A few weeks ago, the entrance to our local YMCA was full of beautiful light pink and white blooms. This was during an unusually warm stretch of nigh 70-degree weather
It was really beautiful to be greeted by this flowering tree. Because of its colorful and conspicuous flowers, landscape designers use this tree extensively as an ornamental.
I’m not sure about the correct name of this tree, but heard it called either a Saucer Magnolia or Tulip Magnolia. An online source stated that the Saucer Magnolia is a multi-stemmed, spreading tree, 25 ft. tall with a 20 to 30-ft. spread. Blooms open in late winter to early spring often before the leaves, producing large, white flowers shaded in pink, creating a spectacular flower display.
Other sources indicated that the plant was native to southwest China but cultivated for centuries elsewhere in China and then Japan. It was first introduced to English-speaking countries from cultivated Japanese origins. For this reason, it’s sometimes referred to as Japanese Magnolia, although it’s not native to Japan.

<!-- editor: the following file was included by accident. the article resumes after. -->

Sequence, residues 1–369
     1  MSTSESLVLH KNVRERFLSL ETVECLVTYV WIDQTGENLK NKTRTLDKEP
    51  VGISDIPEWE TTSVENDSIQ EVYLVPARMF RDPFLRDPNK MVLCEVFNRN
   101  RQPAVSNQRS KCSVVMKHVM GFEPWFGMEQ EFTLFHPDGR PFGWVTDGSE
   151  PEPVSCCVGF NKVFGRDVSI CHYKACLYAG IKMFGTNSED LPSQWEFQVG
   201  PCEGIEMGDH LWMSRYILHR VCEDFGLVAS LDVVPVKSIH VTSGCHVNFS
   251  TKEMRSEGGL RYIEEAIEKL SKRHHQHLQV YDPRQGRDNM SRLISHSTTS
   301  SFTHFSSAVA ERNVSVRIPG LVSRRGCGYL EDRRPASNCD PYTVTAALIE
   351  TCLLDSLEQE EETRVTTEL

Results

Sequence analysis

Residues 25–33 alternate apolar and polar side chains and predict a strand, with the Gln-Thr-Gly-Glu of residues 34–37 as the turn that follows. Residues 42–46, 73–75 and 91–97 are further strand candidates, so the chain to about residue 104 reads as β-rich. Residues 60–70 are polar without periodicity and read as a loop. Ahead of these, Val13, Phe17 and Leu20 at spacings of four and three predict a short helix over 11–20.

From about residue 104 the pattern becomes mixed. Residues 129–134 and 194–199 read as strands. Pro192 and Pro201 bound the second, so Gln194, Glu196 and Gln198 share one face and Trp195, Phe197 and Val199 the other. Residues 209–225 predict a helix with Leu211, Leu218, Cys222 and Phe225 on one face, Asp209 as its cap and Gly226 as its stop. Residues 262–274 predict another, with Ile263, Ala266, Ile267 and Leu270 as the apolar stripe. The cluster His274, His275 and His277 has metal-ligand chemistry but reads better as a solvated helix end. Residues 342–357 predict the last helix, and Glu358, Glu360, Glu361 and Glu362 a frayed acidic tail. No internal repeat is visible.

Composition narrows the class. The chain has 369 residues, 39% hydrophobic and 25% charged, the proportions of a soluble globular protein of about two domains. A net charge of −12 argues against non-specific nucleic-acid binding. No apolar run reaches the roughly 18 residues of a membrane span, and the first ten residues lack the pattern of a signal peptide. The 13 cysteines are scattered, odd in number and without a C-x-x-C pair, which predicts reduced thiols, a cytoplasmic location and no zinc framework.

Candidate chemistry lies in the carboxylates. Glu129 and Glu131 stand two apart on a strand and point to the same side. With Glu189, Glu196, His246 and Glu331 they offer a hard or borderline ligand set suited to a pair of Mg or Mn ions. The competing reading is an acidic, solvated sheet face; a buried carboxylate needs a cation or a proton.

Spectacular as these blooms were, they were also gone within a week, especially after an overnight rain storm knocked off many of the delicate blooms.
That same week, when visiting our county library, there were two similar trees in full bloom – more local beauty to enjoy, however briefly.